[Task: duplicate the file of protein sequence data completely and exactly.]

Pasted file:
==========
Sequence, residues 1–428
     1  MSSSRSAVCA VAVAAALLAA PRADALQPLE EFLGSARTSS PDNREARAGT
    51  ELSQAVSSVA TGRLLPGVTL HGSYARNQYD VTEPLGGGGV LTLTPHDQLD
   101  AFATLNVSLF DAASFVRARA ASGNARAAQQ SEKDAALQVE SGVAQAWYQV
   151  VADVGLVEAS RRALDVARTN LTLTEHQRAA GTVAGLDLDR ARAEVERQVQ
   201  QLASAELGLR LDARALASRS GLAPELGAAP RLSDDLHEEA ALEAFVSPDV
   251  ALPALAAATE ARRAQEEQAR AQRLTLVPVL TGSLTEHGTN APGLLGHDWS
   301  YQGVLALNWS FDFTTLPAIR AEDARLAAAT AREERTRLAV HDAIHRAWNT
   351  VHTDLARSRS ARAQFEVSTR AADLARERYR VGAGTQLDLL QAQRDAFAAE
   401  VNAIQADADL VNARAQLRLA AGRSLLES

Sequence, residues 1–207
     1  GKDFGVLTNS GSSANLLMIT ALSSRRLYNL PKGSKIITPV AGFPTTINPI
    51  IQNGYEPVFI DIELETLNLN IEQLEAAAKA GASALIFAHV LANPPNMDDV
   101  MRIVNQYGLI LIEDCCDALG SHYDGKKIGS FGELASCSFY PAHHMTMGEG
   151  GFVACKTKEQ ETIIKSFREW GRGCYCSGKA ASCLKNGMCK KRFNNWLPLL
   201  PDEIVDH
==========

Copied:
Sequence, residues 1–428
     1  MSSSRSAVCA VAVAAALLAA PRADALQPLE EFLGSARTSS PDNREARAGT
    51  ELSQAVSSVA TGRLLPGVTL HGSYARNQYD VTEPLGGGGV LTLTPHDQLD
   101  AFATLNVSLF DAASFVRARA ASGNARAAQQ SEKDAALQVE SGVAQAWYQV
   151  VADVGLVEAS RRALDVARTN LTLTEHQRAA GTVAGLDLDR ARAEVERQVQ
   201  QLASAELGLR LDARALASRS GLAPELGAAP RLSDDLHEEA ALEAFVSPDV
   251  ALPALAAATE ARRAQEEQAR AQRLTLVPVL TGSLTEHGTN APGLLGHDWS
   301  YQGVLALNWS FDFTTLPAIR AEDARLAAAT AREERTRLAV HDAIHRAWNT
   351  VHTDLARSRS ARAQFEVSTR AADLARERYR VGAGTQLDLL QAQRDAFAAE
   401  VNAIQADADL VNARAQLRLA AGRSLLES

Sequence, residues 1–207
     1  GKDFGVLTNS GSSANLLMIT ALSSRRLYNL PKGSKIITPV AGFPTTINPI
    51  IQNGYEPVFI DIELETLNLN IEQLEAAAKA GASALIFAHV LANPPNMDDV
   101  MRIVNQYGLI LIEDCCDALG SHYDGKKIGS FGELASCSFY PAHHMTMGEG
   151  GFVACKTKEQ ETIIKSFREW GRGCYCSGKA ASCLKNGMCK KRFNNWLPLL
   201  PDEIVDH